Authoritarian Alexander Lukashenko has won another term – but there are concerns that the election was not run fairly.
Police and protesters have clashed in the capital of Belarus and other cities after a contested presidential election which saw the country’s long-time leader secure a landslide victory.
Alexander Lukashenko, who has ruled for 26 years, won the election with 80% of the vote, the election commission said – according to preliminary results.
However, there is widespread suspicion that the election was not fair, with two opposition candidates denied places on the ballot before one of them was jailed and the other fled to Russia.
On Monday morning Reuters reported that at least one person was killed and 120 protesters had been detained, citing the Viasna human rights group.
Many were injured in clashes with riot police who were deployed on the streets to disperse protesters.
“It was a peaceful protest, we weren’t using force,” said 23-year-old protester Pavel Konoplyanik, helping a friend to hospital who had a plastic grenade fragment stuck in his neck.
“No one will believe in the official results of the vote, they have stolen our victory.”
The main opposition candidate, Sviatlana Tsikhanouskaya, was targeted during the weekend: eight members of her staff were arrested and one of her aides fled the country.
Ms Tsikhanouskaya, a former teacher and wife of a jailed opposition blogger, had received large displays of support leading up to the election – unusual in a country where dissent is rarely tolerated.
But opposition supporters said they expected election officials would manipulate the election results in favour of Mr Lukashenko.
After the vote on Sunday, thousands of protesters gathered in Minsk where police used truncheons to beat them and flash-bang grenades in an effort to get them to leave. Protesters tried to build barricades with rubbish bins.
It is unclear how many people were injured or arrested but the Association Press quoted Ales Bilyatsky of Viasna as saying there had been several hundred arrests.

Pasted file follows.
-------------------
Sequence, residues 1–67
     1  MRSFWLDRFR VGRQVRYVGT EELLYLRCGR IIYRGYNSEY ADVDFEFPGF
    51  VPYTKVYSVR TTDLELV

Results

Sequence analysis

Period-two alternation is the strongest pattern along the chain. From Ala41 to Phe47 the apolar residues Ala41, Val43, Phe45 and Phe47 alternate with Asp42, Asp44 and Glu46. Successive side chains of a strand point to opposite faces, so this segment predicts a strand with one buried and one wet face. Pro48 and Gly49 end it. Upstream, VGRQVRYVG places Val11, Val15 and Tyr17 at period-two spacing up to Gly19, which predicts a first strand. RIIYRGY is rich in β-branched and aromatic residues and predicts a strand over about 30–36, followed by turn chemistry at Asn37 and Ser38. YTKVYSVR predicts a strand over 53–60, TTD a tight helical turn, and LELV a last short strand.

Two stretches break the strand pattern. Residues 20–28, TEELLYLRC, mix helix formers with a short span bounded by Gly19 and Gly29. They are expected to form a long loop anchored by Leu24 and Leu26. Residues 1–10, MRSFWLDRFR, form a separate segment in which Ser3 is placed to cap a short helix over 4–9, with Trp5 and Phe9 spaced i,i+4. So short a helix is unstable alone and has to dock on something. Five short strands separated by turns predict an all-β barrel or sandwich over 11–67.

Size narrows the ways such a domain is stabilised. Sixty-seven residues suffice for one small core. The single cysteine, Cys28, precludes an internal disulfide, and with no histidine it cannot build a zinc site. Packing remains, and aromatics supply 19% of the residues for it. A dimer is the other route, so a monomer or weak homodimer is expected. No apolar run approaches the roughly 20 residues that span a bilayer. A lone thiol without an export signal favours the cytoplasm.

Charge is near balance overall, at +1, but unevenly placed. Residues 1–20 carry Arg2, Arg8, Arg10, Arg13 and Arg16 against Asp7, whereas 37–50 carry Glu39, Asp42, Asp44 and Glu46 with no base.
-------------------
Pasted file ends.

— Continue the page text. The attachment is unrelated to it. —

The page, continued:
Among them were three journalists from an independent Russian TV station and an AP journalist was beaten by police and taken to hospital.
But for some voters, Lukashenko’s long, hard-line rule was a plus.
“He is an experienced politician, not a housewife who appeared out of nowhere and muddied the waters,” said retiree Igor Rozhov.
“We need a strong hand that will not allow riots.”
Meanwhile, Ms Tsikhanouskaya said she did not believe the polls, saying: “I will believe with my own eyes. The majority was for us.”
After voting earlier in the day, she had said: “I hope that everything will be peaceful and that the police will not use force.”
As he voted, Mr Lukashenko had said: “Do you want to try to overthrow the government, break something, wound, offend, and expect me or someone to kneel in front of you and kiss them and the sand onto which you wandered? This will not happen.”
Mr Lukashenko has been in power since July 1994 but many have become frustrated with his authoritarian rule, the struggling economy and his failure to recognise the seriousness of the coronavirus pandemic.
He has dismissed the illness as “psychosis” and advised people to “drink vodka” and “go to saunas” to ward off the virus.
Two weeks ago, the 65-year-old said he had caught COVID-19 and recovered “on his feet” without showing any symptoms. Lukashenko: The leader hellbent on turning COVID into a catastrophe
He has not brought in any restrictions to limit the spread of the virus, despite more than 68,500 confirmed cases and 580 deaths – numbers that critics say are manipulated.
Ms Tsikhanouskaya tapped into this frustration as she campaigned across the former Soviet country of 9.5 million people.
The Organisation for Security and Cooperation in Europe was not invited to send observers to the election.
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